<blockquote><em><a href="#400485">In reply to Piyer:</a></em></blockquote><p><em>"Apple will continue to be a niche player"</em></p><p><br></p><p>Just to be clear, Apple had a "huge iPhone shortfall" in this quarter and made 84 billion dollars. For perspective, Amazon makes around 180 billion a year, Microsoft and Google make about 110 billion dollars a year and Facebook brings up rear at 40 billion. So Apple, the niche player, in a bad quarter made over double what Facebook does in an entire year, almost as much as what Google and Microsoft make in an entire year and over 40% of what Amazon makes in an entire year. If that is a niche player I'm curious who you think is a big player. </p>
<blockquote><em><a href="#400554">In reply to Piyer:</a></em></blockquote><p>Wow, Moody's credit is just grasping at straws. But if you see that as an issue then you must really be concerned for Google, Amazon and Facebook (all companies you mentioned as being more competitive) because they all have a worse credit rating. </p>
<blockquote><em><a href="#400649">In reply to MikeGalos:</a></em></blockquote><p>It's funny how Apple's success twist you into such knots. </p>
<p>poor paul he tried to defend and push iPhones so hard</p>
<blockquote><em><a href="#400559">In reply to pecosbob04:</a></em></blockquote><p>there is no sun, there is a bitten apple, that's also the god of many people religion</p>
<blockquote><em><a href="#400522">In reply to dontbe_evil:</a></em></blockquote><p>Really??? He seems to been pushing Android pretty hard the last 3 years.</p>
<blockquote><em><a href="#400757">In reply to Stooks:</a></em></blockquote><p>for some reasons he's having some kind of personal revenge against MS… he talks good about everything else than MS</p>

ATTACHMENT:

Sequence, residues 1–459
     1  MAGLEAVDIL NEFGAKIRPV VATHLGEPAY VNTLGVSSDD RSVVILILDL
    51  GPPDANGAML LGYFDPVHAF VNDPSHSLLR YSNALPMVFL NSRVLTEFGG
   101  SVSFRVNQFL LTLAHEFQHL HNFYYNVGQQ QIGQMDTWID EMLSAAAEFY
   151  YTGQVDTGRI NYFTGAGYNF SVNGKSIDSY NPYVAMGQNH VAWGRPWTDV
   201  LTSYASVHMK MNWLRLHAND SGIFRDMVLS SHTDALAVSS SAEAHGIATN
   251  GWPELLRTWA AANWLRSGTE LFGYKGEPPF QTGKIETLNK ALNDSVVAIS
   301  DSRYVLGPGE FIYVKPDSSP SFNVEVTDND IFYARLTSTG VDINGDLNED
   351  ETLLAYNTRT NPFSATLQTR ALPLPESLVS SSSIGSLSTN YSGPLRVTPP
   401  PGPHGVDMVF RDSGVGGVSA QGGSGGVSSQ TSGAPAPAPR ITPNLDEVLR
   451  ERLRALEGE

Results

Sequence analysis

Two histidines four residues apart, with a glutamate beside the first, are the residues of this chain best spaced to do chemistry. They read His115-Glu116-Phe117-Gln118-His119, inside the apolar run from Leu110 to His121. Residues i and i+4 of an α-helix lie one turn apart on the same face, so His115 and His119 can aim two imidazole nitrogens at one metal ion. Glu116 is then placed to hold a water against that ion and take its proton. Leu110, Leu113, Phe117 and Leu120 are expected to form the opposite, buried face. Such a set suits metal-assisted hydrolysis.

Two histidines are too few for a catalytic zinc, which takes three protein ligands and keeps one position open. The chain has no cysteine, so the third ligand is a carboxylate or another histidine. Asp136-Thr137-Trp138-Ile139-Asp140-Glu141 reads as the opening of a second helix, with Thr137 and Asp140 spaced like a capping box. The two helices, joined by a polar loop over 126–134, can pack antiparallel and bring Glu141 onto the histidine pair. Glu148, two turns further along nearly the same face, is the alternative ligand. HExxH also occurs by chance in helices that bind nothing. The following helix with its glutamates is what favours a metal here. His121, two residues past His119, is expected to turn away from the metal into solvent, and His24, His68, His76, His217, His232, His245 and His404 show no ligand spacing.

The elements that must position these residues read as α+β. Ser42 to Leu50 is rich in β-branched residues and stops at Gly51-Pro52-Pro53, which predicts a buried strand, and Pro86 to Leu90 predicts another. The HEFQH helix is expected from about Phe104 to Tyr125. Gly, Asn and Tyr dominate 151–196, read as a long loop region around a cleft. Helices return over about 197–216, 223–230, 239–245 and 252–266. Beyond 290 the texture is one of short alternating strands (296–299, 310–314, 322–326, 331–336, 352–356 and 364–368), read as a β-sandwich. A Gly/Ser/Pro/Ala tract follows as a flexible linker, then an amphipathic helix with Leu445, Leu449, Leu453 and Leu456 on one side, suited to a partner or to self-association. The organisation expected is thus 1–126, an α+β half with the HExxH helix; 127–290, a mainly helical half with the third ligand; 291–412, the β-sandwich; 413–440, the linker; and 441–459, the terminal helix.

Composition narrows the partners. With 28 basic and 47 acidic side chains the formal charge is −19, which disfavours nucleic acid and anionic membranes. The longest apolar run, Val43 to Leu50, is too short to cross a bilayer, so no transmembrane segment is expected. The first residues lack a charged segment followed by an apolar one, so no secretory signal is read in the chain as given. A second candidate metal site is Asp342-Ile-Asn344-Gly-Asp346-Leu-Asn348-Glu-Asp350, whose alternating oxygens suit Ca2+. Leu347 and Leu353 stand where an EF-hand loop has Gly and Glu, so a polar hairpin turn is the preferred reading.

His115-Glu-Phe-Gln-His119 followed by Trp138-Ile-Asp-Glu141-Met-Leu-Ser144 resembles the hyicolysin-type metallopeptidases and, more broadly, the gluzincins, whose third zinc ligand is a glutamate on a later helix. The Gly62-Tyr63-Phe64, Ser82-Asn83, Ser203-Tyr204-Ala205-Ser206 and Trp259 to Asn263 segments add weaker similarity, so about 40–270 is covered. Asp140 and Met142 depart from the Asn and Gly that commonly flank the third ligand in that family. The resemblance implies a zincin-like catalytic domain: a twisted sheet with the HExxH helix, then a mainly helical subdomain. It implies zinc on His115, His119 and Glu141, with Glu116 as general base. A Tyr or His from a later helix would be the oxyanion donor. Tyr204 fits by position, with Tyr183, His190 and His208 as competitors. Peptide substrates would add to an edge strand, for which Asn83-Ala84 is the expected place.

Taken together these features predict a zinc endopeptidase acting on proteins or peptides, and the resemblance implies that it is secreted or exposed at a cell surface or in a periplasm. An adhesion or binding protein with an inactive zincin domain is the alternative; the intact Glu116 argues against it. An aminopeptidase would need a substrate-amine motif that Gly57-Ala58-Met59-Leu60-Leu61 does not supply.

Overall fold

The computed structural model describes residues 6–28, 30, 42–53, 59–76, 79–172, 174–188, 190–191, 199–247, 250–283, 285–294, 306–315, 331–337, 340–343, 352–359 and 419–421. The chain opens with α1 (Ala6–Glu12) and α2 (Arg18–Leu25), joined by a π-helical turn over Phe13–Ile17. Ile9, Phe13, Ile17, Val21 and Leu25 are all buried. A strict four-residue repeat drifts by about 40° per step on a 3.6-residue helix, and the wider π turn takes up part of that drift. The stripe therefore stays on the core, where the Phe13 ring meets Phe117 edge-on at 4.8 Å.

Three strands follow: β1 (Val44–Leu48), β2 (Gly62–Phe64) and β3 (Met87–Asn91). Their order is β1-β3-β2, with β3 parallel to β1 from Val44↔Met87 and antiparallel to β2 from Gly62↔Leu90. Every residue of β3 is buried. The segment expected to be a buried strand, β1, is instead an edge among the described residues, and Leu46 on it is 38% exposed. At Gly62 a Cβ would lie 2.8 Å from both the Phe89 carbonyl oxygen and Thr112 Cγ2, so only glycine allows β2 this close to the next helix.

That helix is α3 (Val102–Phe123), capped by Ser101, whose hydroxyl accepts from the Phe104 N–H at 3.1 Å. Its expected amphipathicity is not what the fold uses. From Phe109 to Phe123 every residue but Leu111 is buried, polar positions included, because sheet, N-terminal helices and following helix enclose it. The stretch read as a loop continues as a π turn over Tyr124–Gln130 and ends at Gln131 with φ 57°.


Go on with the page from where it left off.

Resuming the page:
<blockquote><em><a href="#400523">In reply to madthinus:</a></em></blockquote><p>You have hit the nail on the head. The vast majority of the products Apple sells are 3-4 years old, some are 4-5 years old. Other manufacturers have continued updating their products on an annual basis over this time period, so their offerings are naturally far more up to date, tech-wise. On the other hand, people keep their Apple devices for many years in some cases. I just bought a new iMac because my 6 year old model was getting really long in the tooth and could not be upgraded to OS X Mojave. It had reached the "vintage" stage where updates stop. But, the iMac I replaced it with is a model introduced 3 years ago and not upgraded since then. I really did not want to buy a new computer yet but with no idea of when a new iMac with today's components inside will be coming, I pulled the trigger. The same scenario can be said of any number of other Apple products. All this said, none of these problems will make me switch to a Windows machine. With Microsoft's recent record on updates that bork one's machine, like just happened to Paul this week, I am just fine with Apple's spotless track record in this regard. And I will never purchase an Android phone that might never receive a single OS update over its lifespan. I value my personal security, identity, and privacy far too much to risk such stupidity.</p>